Until end of 90s people interested were mainly those coming from the May 68 movement. A big difference since the 2000s is the involvement of young people in this music. Festivals have always been a big France, but they have increased a lot for the same reasons of growing interest.
There has been a movement towards multi-accordéon groups (see Pignol/Milleret, or Accordéon Samurai). Recently Piron joined with Raymond Frank, Flavien DiCinto, and Cédric Martin to form such a quartet. In fact, we formed a 4-accordion group is just an idea we had with Cedric-Flavien, the 2 youngs, and Raymond-Sylvain, the two olds. The idea raised one day we were joking and playing together. In fact we noticed that young people have a tendency to play fast and punchy while older ones tend to calm and balance the tempi. We thought we could form a group where we play and joke about these differences. Here is a video of the group in action:
Of course, I know Piron best as a teacher, and others have talked about the guidance he’s given. He’s not entirely comfortable with that. I do not feel like an accordion teacher. I just give advice to beginners and take action to encourage them, but I miss two major qualities for a teacher: pedagogy and technicality. My accordion technique is not to be imitated because I have a lot of bad habits. Again it is the sound which interests me, not the way you produce it. Nevertheless, I like to gather people for playing together and share that music. What did Piron think when this American aficionado — that’s me — e-mailed him back in 1998? I am very proud when you say I was your teacher, but I feel a bit usurping because you where actually your own teacher, I just gave my opinion on what I heard and felt from from your recordings. When you showed up in 1998, I was very happy that my small music home page was something interesting for at lest one American! Thanks to you, I discovered later that a lot of American people where involved in these European traditional musics and that through that practice I had a lot of potential friends in the States. We very often think here that Americans are only fascinated by themselves and their own existence and way of life. The fact that a young guy, lost somewhere in Maine, was attracted by my music was really a great pleasure and surprise in the same time, a sort of miracle thanks to the web! I am a bit joking but not far from reality of my feelings at that time.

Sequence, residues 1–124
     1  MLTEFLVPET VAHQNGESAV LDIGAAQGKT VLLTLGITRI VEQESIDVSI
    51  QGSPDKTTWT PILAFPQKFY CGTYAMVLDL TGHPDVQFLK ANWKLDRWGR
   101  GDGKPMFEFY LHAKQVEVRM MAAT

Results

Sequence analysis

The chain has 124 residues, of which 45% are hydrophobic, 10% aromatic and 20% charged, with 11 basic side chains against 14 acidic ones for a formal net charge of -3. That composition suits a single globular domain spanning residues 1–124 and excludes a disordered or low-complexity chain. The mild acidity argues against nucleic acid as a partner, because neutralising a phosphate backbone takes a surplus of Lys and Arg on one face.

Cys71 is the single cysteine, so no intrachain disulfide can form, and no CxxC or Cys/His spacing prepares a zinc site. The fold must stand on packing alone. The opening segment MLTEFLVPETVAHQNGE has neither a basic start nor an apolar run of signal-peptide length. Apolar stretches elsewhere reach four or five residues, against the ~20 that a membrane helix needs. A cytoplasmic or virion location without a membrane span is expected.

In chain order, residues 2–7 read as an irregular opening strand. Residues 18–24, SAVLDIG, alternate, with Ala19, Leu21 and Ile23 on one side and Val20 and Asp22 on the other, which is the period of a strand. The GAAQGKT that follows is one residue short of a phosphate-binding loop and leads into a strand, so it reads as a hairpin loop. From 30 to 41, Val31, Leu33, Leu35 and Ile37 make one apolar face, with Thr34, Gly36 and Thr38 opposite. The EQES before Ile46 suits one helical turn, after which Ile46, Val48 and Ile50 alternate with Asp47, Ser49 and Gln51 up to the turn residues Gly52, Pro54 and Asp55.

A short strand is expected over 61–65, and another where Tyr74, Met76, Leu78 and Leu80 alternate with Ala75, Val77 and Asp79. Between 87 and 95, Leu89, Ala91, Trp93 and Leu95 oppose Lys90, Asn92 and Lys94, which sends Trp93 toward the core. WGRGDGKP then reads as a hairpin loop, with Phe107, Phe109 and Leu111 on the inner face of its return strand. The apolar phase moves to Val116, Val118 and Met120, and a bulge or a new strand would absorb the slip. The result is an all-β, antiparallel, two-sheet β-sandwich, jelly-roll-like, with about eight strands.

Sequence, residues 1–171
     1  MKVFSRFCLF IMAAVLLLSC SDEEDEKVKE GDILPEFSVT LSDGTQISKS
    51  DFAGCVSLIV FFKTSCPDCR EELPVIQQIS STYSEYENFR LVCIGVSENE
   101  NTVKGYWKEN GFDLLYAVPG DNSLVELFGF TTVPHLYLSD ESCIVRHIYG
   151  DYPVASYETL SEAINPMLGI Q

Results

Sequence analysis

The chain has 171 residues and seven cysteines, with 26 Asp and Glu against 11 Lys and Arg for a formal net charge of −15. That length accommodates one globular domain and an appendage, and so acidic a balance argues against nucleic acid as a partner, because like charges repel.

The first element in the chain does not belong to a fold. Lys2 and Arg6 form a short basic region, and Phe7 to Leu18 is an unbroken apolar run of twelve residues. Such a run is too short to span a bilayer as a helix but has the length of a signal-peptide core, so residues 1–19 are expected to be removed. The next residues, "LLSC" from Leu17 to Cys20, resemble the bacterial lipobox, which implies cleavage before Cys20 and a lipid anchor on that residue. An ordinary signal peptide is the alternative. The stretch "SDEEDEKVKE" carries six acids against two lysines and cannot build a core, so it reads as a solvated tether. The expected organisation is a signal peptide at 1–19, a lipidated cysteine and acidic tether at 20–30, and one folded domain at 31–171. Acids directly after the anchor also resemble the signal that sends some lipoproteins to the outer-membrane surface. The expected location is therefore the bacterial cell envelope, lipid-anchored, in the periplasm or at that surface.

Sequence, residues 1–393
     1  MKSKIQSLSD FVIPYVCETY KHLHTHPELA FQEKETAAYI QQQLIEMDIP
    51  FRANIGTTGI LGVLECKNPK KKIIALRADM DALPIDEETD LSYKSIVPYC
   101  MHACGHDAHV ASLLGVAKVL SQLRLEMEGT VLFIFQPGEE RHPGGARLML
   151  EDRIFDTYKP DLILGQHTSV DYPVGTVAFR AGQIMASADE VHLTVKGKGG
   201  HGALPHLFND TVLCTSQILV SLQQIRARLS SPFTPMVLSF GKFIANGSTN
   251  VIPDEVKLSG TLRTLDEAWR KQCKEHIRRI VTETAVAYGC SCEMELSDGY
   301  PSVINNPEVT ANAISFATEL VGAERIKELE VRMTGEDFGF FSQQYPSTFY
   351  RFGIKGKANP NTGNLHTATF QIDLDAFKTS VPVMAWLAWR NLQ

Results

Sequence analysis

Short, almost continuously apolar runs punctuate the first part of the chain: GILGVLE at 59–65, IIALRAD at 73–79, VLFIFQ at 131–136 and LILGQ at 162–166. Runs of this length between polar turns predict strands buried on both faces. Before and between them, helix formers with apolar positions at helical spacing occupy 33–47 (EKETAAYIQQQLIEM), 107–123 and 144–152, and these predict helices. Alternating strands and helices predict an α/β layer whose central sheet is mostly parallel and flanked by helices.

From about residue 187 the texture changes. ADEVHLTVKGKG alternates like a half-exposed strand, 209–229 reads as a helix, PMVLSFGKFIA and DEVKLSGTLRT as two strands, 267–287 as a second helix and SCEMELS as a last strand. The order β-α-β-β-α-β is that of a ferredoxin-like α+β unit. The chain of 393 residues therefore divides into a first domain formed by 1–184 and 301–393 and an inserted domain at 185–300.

What does Piron think of the future of tradFrench music? About future of trad French music, I would like it to remain a practice linked to dance more than to market! That means to keep the spirit of it away from commercial purposes. On one hand it is fair that professional musicians can live decently from their art but on the other I do not wish that this music become fashionable and loses its roots and fundamental role: to make people experience the great value of sharing dances, songs and musics.